- Tourists: The non-repeat users included a large group of tourists who visited the
application but never viewed a particular journal. Many of them seemed to come from
unrelated disciplines and apparently had no interest in the journals offered via
SuperJournal. They may have looked at SuperJournal from curiosity, or because the
librarian suggested it.
- Lost users: The other two groups did explore the service more thoroughly but did not
return after the first month. The lost users behaved like enthusiastic users in the month
of their use, but they did not return subsequently. Possibly they had a short-term
interest, such as a student project, and then had no further interest in the journals.
- Exploratory users: Typically they checked a few journals and articles but did not come
back. Like the tourists, they may have concluded there was insufficient of relevance for
Changes in Work Practice
- Electronic journals are resulting in fewer visits to the library. Two years ago most
Scientists and Social Scientists said they used the library weekly, some monthly, and a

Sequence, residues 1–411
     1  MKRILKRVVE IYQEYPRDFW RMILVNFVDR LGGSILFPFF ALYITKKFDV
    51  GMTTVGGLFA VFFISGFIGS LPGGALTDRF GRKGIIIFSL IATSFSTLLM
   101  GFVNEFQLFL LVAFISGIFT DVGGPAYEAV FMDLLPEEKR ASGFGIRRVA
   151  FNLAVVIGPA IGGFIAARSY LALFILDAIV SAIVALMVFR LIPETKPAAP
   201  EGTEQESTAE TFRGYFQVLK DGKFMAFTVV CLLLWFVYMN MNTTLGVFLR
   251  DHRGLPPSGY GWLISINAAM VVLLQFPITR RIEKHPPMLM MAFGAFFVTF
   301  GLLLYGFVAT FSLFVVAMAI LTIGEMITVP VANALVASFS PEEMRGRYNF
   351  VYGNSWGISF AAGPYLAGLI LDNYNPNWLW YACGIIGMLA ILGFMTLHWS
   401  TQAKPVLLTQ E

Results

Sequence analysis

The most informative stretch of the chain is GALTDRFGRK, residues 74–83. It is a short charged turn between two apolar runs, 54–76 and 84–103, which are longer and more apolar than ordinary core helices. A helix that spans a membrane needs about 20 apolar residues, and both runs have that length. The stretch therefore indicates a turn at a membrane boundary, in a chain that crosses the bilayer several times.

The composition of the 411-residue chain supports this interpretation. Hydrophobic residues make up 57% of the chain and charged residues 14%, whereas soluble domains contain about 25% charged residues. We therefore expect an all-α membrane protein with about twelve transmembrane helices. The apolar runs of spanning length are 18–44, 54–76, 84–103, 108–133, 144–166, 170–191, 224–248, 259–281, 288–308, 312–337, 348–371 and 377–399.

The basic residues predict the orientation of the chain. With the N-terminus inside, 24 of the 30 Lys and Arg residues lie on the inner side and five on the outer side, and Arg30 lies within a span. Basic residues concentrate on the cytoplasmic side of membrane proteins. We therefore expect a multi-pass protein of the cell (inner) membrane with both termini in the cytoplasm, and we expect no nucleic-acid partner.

small number daily. In a similar survey at the end of the project, half of all respondents
said they are using the library somewhat less because of access to electronic
journals, and a quarter of the Scientists say they are using it much less than
- Users do not perceive electronic journals to be a "replacement" for the
library as an institution. They value the library as a place to visit and browse through
journals, the location of the journal archive, and where they can find helpful staff.
However, they do perceive electronic journals as a replacement for the process of
getting copies of journal articles quickly and easily without physically visiting the
library, an important service.
- Readers also view electronic journals as a way to extend the range of journals they have
access to. In the survey two years ago, half of the Science readers and 70% of the Social
Science readers said their access to journals significantly limited the breadth and depth
of their reading, giving lack of journals in the library as the most frequent reason. In a
similar survey at the end of the project, over 90% of the Social Science readers said they
used journals in SuperJournal they hadn't read before, and 70% journals that
weren't available in the library.
- Many SuperJournal users reported a great sense of comfort that they could now stay up to
date with their discipline in an easy and manageable way, particularly in the Social
- A small area where user expectations has changed is user authentication. Two years ago